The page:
GLXP Launch Contracts: Follow the Money

Naveen Jain
Naveen Jain

By Douglas Messier
Managing Editor

Over the past week, a pair of Google Lunar X Prize teams backed by billionaires — SpaceIL and Moon Express — have become the first two competitors to announce launch contracts to land rovers on the moon.

SpaceIL of Israel has received the backing of billionaires Sheldon Adelson (net worth, $27.4 billion — 2015), Morris Kahn (net worth, $1 billion — 2015), and Lynn Schusterman (net worth, $4.5 billion — 2014).

According to CrunchBase, the three billionaires made a $22.4 million investment in SpaceIL through their family foundations in April 2014. The Dr. Miriam and Sheldon G. Adelson Family Foundation contributed $16.4 million, with the Kahn Foundation and the Charles and Lynn Schusterman Family Foundation providing an additional $6 million.

The launch contract for SpaceX’s Falcon 9 booster, purchased through Spaceflight Industries, was made possible by an additional fund-raising round led by the Adelson and Kahn foundations, according to a SpaceIL press release. The total for the second round was not disclosed.

One of Moon Express’s three co-founders is Naveen Jain, whose net worth is $2.2 billion. Jain has put in undisclosed amounts of money in each of three funding rounds raised by the California-based team that he co-founded with Barney Pell and Bob Richards.

CrunchBase reports that Moon Express has raised $31.5 million from 27 investors in three funding rounds over the past five years. The most recent was a Series C round worth $16.5 million from four investors. The team earlier raised $2.5 million in an undisclosed round in September 2010 and an additional $12.5 million in a second undisclosed round in December 2013.

Moon Express has signed a contract for three launches with Rocket Lab. The Google Lunar X Prize is reviewing the contract to certify it is in compliance with the competition’s rules.

The table below via CrunchBase shows Moon Express’s 20 investors, who have made 27 contributions to the three funding rounds. The first two rounds were undisclosed; the third was Series C.

Autodesk1 Undisclosed
Barney Pell2 UndisclosedMoon Express co-founder
David J. La Placa1 Undisclosed
Firoz H. LaljiSeries C
Founders Fund1 Undisclosed
Jay Sethuram1 Undisclosed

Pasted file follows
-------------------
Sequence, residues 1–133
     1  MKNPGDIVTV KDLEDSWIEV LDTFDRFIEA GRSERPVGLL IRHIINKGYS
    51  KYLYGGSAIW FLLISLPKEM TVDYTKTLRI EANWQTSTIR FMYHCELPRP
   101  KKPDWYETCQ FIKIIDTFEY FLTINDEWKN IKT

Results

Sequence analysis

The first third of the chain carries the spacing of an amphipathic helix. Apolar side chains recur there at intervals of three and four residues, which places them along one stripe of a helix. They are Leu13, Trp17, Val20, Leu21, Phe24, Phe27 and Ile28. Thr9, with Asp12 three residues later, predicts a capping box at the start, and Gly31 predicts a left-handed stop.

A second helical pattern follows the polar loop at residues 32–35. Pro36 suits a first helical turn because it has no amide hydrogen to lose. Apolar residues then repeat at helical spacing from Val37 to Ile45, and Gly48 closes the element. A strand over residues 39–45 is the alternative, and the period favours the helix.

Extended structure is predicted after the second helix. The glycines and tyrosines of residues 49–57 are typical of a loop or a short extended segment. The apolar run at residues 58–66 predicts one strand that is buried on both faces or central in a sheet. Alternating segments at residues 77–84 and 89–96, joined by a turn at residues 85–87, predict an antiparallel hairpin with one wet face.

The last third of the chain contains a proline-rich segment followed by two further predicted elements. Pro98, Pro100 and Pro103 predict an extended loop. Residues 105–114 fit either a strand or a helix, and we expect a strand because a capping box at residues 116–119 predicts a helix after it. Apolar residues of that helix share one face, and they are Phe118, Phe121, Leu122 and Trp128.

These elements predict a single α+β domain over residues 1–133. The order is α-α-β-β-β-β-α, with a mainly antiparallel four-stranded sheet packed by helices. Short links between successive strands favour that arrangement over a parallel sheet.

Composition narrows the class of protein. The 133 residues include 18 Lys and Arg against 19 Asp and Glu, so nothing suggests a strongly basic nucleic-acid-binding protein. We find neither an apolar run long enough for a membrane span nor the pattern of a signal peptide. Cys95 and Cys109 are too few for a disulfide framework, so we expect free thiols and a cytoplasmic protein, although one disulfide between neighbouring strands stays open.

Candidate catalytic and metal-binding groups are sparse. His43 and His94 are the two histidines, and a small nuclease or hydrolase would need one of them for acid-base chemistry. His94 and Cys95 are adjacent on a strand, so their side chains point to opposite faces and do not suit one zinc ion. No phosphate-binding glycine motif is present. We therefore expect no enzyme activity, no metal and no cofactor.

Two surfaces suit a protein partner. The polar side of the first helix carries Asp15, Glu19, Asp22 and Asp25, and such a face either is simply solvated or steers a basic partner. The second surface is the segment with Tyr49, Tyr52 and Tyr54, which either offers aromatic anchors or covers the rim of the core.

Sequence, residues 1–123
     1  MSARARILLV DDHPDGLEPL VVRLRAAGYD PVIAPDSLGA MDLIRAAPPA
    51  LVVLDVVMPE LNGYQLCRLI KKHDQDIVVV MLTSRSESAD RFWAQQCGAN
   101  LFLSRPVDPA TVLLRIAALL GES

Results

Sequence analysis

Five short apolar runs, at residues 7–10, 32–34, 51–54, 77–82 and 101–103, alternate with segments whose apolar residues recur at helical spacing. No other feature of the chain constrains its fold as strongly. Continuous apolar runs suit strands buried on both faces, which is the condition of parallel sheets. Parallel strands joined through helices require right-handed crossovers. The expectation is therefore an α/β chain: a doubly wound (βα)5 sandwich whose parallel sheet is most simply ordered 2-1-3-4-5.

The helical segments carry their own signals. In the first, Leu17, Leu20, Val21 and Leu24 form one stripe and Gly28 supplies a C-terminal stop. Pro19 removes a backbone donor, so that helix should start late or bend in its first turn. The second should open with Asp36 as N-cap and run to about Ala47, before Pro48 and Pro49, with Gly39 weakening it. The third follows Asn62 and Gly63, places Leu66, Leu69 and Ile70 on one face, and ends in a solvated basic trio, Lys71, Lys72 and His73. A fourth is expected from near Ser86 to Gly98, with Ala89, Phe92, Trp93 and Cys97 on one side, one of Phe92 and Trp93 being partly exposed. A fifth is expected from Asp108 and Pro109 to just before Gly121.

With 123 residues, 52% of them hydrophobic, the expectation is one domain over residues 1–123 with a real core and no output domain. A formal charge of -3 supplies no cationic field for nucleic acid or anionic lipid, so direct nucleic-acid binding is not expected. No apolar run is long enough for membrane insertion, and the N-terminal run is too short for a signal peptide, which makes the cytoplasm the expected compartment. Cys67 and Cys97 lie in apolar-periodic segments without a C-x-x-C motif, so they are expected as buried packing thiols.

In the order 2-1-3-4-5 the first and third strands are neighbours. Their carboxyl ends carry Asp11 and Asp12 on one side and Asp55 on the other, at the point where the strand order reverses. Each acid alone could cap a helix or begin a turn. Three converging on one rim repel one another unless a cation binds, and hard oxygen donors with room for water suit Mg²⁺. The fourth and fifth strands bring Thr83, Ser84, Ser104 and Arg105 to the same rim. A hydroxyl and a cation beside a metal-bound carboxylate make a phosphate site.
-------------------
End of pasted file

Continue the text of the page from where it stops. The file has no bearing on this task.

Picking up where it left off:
Joe Gatto1 Undisclosed
Klee Irwin1 Undisclosed
Naveen Jain 3 Undisclosed, 1 Series CMoon Express co-founder
Other Investors2 Undisclosed
Paul Gauthier1 Undisclosed
Peter Farrell1 Undisclosed
Raymonds Capital, LLC1 Undisclosed
Richard Merkin1 Undisclosed
Richmond Global1 Undisclosed
Rizwan Virk1 Undisclosed
Rob Nail1 Undisclosed
 Robert Hariri1 Undisclosed
Scott Bannister1 Undisclosed
Tencent Holdings1 Undisclosed, 2 Series C
Source: CrunchBase

  • savuporo

    The old story. The way to make a small fortune in space business is to start with a big one.

  • Douglas Messier

    I dunno. Getting a billionaire backer seems essential to winning a space X Prize. Scaled, Moon Express, SpaceIL….

    You need a competent organization obviously, not just money. Astrobotic has a great team and technology, but I’m thinking they could end up left behind due to launch costs.

  • ThomasLMatula

    Yes, it really limits the field, and the solutions offered, undermining the real advantages of the prize model.

  • One point of clarification to Doug’s post: It’s true that Moon Express has signed a contract for three launches with Rocket Lab (actually 5, two of which are options.. of the 3 primary launches, 2 are manifested for 2017). These launches of course go beyond the GLXP and evidence our commitment to build an ongoing commercial lunar business.

    But we have NOT (yet) submitted our Notification of Launch Contract to the XPRIZE Foundation for verification under the Google Lunar X PRIZE.

    Given the news that emerged this week that another GLXP team (SpaceIL) has already gone through this verification process to trigger the extension of the competition to 2017, all other teams have until the end of 2016 to submit a Notification of Launch Contract. So the pressure is off for us to do so in support of the competition, and given many competitive and proprietary disclosures that are requested under the Notice & verification process that impact not just Moon Express but our customers outside the GLXP, it’s not clear that it’s in our interest at this time to submit an official Notice of Launch Contract. We of course intend to do so before the end of 2016 as our agreement with our XPF/Google customer requires.